The Methods of Inquiry (MOI) course, CORE 1929, is the bridge that connects the Foundation Tier courses in Philosophy, Theology, and Rhetoric with the multi-disciplinary examination of a theme within the Discovery Tier. Each MOI examines a single topic or question from the vantage point of three distinct disciplines. This approach prepares students for the Discovery Tier, which provides a deeper dive into multi-disciplinary examinations of themes related to our basic needs and assumptions.
Methods of Inquiry Schedule, Fall 2020
MW 11-11:50 AM
Angela Sorby, English
Tim Cigelski, OMC
Stephen Hudson-Mairet, Digital Media and Performing Arts
In all areas of our lives, creativity is used to unlock new ideas and perspectives. In many ways, creativity is key to solving problems, developing new strategies, creating new paradigms, and becoming change agents in the world. What does it mean to be creative and how can students become the “creative” type? How do the “creative” people learn the rules and structures of our world and have the freedom to see beyond these existing structures in order to create something new? Finally, how is creativity, and creative expression central to our collective humanity? In this class we will investigate creativity seeking to explore big questions (with possibly no answers) with faculty from English, Computer Science/Engineering, and Theatre Arts.
Health and Well-being: Care, Language, and Politics
T-Th 9:30-10:20 AM
Brittany Pladek, English
Philip Rocco, POSC
What does it mean to be “healthy”? Is being healthy the same thing as being “well”? What sorts of factors affect our wellbeing, and to what extent are we in control of our own health? The answers might surprise you! In this Methods of Inquiry class on “Health and Wellbeing,” we’ll turn “wellbeing” inside out by examining it from the perspectives of practitioners, policy, and patients. Working with faculty from Nursing, Political Science, and English, we will explore what “holistic” health means, why it’s essential for people, and how we can promote it through medical care, political initiatives, and empathetic witnessing.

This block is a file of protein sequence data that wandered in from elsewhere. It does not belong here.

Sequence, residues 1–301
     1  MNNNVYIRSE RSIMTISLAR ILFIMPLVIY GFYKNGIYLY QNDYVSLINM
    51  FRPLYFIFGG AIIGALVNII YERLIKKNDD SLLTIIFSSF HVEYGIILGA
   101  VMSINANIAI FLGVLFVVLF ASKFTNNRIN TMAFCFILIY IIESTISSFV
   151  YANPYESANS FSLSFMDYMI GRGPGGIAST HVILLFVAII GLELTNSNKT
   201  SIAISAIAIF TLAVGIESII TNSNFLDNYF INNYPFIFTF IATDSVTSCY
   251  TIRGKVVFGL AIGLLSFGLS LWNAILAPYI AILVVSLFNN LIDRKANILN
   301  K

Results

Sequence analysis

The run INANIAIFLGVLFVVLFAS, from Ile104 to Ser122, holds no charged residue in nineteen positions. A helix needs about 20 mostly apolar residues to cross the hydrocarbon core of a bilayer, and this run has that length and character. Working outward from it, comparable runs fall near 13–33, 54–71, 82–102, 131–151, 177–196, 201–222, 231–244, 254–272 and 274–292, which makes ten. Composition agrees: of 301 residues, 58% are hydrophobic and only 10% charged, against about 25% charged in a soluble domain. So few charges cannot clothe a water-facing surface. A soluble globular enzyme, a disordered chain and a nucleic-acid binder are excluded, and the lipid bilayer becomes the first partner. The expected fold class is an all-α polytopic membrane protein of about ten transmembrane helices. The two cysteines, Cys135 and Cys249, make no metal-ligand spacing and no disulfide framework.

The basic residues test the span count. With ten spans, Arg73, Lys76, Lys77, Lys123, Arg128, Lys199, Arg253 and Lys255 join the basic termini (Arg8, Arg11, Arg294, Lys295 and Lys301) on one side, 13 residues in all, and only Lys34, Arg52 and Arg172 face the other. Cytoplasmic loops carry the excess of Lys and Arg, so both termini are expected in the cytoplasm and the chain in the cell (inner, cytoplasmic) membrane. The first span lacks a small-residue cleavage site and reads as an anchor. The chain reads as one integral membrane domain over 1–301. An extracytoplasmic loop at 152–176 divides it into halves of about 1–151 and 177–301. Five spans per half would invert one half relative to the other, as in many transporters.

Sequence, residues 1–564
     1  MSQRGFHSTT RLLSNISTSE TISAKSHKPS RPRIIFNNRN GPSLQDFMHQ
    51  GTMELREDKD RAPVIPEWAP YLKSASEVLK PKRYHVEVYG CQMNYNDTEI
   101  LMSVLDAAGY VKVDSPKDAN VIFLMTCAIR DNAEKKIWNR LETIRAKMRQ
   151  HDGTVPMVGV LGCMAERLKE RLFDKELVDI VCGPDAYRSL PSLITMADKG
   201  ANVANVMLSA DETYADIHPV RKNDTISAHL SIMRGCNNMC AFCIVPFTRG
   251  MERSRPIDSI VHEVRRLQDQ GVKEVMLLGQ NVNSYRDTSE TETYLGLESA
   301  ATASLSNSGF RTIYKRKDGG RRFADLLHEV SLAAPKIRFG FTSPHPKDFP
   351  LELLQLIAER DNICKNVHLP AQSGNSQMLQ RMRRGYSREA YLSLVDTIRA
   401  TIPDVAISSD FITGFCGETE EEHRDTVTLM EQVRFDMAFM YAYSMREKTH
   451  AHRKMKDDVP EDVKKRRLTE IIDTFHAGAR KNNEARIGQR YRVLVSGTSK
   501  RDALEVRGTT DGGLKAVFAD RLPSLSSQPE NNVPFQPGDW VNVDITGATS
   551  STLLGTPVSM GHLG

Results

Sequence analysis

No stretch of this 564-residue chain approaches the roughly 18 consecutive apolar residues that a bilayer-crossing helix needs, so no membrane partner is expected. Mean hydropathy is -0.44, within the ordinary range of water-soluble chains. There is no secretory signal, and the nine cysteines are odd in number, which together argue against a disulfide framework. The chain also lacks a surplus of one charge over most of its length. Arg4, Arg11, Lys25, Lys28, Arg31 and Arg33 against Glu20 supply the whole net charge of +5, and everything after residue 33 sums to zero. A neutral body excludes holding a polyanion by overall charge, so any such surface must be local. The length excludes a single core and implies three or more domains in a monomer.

Race, Representation, and Resistance
T-Th 5-5:50 PM
Sheena Carey, COMM
Donte McFadden, Educational Opportunity
Our society has been shaped by race and racism. How do we think about race, talk about race, and see race in the United States? Using the trifocal lens of philosophy, rhetoric, and media studies, explore the past, present, and future of race relations in the United States.
Rock and Roll and the U.S.: Its Histories, Its Technologies, Its Trauma
T-Th 11-11:50 AM
Stephen Saunders, Psychology
Elaine Spiller, Mathematics and Statistics
The stories of rock music and 20th century America are intimately intertwined. Rock artists did not just respond to what was happening in the country, they also influenced--perhaps sometimes even determined--what happened. This course will examine rock from its inception and how it both reflected and shaped historical events, technological advancements, and the general psychological state (the zeitgeist) of the country. Whether related to the development of the electric guitar, the civil rights movements, or the traumas of Watergate and Vietnam, rock music has been an intrinsic part of American society since the 1950s. This course will demonstrate to students how perspectives of historians, math and computer scientists, and psychologists offer a nuanced understanding of the profound interplay of U.S. society and rock music.